Other objects and advantages of this device will be apparent from an observation of the attached drawings in which: V

Figure 1 shows the component parts of the device;

Figure 2 is a cross-sectional view of the applicator; and

Figure '3 shows the device inposition to apply the coating.

Referring to Figure Z, there is shown a hollowsleeve 0r cylinder 2 which is placed on the machine for reciprocatory motion in a vertical direction. This cylinder 2 serves as a reservoir for the fluid coating material. An adapter ring 3 fits over the lower extremity of the cylinder 2 and is formed to fit the interior of a crown closure or other article to which the coating material is to be applied. The adapter 3 has an opening 4 which is pro 'vided with a convex diaphragm -5 having openings therein. The size of'the openings in the diaphragm 5 selected in accordance with the fluidity of the fluid coating'cornposition. Above the diaphragm 5 is a plurality-of 1 felt pads '6. These pads 6 may be of any composition capable of absorbing and holding a supply of the fluid material to be fed to the diaphragm. -The pads 6 are shown in small inc'r'em'ents'for convenience of assembling. If de- 's'ired,this absorptive element may be in one piece. Above the absorptive elemento is a back-up plug 7, which keeps the'absorptive element under a certain amount of compression to keep supplying the fluid to the screen 5.

Pressure is applied to the back-up plug 7 by means of-a coil spring '8, which is compressed between the top 'ring9 fittedover the top oft-he cylinder and 'the back-up-plng 7. The top of the cylinder is open as shown atlil for the purpose of supplying the liquid coating composition to the cylinder. In order to maintain the coating composition at -the pr'op'er trriperatur'e lfor application, the cylind'er may be heated 'bymea'ns ot' a resistance heating element 11 wrapped around the outer circumference of the cylinder.

In applying a coating composition to the article to be coated, the device is lowered into the article as the article passes therebeneath on a suitable conveyor as shown in Figure 3. This arrangement is satisfactory for relatively low-speed production; however, in high-speed production, such as that currently existing in the closure industry, it has been found desirable to lower the applicator into engagement with the crown on the conveyor and have the applicator travel with the crown on the conveyor while the coating operation is being performed. There are several possibilities for carrying out this idea, and onewhich has been found particularly suitable involves the utilization of a rotary carrier placed immediately above the rotary conveyor carrying the lined crowns away from thelining machine. The coating applicators are arranged on the carrier so that they are disposed in alignment with the crowns carried on the conveyor. During a certain portion of the rotary cycle of theapplicator carrier, each applicator is lowered into the crown moving directly therebeneath so that the applicator is in engagement with the crown liner during a portion of its path of travel on the conveyor.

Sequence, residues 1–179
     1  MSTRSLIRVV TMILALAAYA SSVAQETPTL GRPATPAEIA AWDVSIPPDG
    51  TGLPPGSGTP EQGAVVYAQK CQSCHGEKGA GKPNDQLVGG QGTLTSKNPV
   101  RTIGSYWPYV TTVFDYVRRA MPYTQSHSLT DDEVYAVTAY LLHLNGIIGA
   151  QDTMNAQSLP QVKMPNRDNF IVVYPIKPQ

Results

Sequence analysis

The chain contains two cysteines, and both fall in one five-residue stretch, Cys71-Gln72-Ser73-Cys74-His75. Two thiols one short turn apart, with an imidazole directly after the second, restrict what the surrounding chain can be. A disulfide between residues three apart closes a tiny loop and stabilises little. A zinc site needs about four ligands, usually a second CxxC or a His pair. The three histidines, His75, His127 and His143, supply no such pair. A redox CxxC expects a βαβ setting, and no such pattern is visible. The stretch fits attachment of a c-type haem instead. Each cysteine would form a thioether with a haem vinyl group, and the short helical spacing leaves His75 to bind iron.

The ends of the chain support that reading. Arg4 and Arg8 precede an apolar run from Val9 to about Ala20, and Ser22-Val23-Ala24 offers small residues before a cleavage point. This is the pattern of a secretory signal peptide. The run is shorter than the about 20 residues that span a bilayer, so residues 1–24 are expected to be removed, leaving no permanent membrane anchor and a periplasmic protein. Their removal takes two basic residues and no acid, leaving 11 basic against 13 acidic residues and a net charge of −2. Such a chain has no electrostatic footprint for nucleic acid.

, In the embodiment shown in Figure 3, downward motion is imparted to the device through the crosshead 1 2 from a suitable source, not shown. This crosshead 12 is secured to the cylinder Zby welding or other suitable means. The crosshead 13 at the lower portion of the cylinder 2 serves only as a guide for the cylinder 2 as the cylinder moves through an opening therein. The upward motion to the cylinder 2 into crosshead 12 is effected by the coil springs 14 which are under compression between the two crossheads 12 and 13.

Each time the crosshead 12 is raised, it contacts microswitch 15, closing the electric circuit to the valve arrangement 16, opening the valve and permitting a metered quantity of the coating material to flow from the source of supply 17 into the open end of the cylinder 2.

In the operation of the device, the crown 18 or other object to be coated is placed in position beneath the cylinder 2 and the cylinder is loweredso that the adapter 3 fits into the inner area of the crown. The central portion of the diaphragm contacts the liner of the closure, flexing the diaphragm and causing the fluid composition to pass through the screen onto the closure liner. A slight I continued downward movement of the plunger will flatten the diaphragm against the surface of the liner and apply a uniform layer of the coating composition to the liner. The assembly is then withdrawn from the crown and lowered into another crown, where the operation is repeated.

The relationship between the size of the holes in the diaphragm and the viscosity of the coating composition should be such that the fluid will not pass through the holes in the diaphragm when the same is not in contact with an article to be coated. When the diaphragm is brought into engagement with the article to be coated, the center of the convex diaphragm contacts first in the center of the disc to be coated. Continued downward movement of the assembly causes the diaphragm to flex upwardly, compressing the felt pads to a limited extent. This compression of the felt pads is suflicient to force a limited amount of the fluid coating material through the diaphragm onto the surface of the disc. Because the center of'the convex diaphragm touches first in the center of the disc liner, the fluid passes through the diaphragm in this center area first and flows evenly in a radialdirection from the center over the area to be coated, forming a uniform coating of the desired thickness.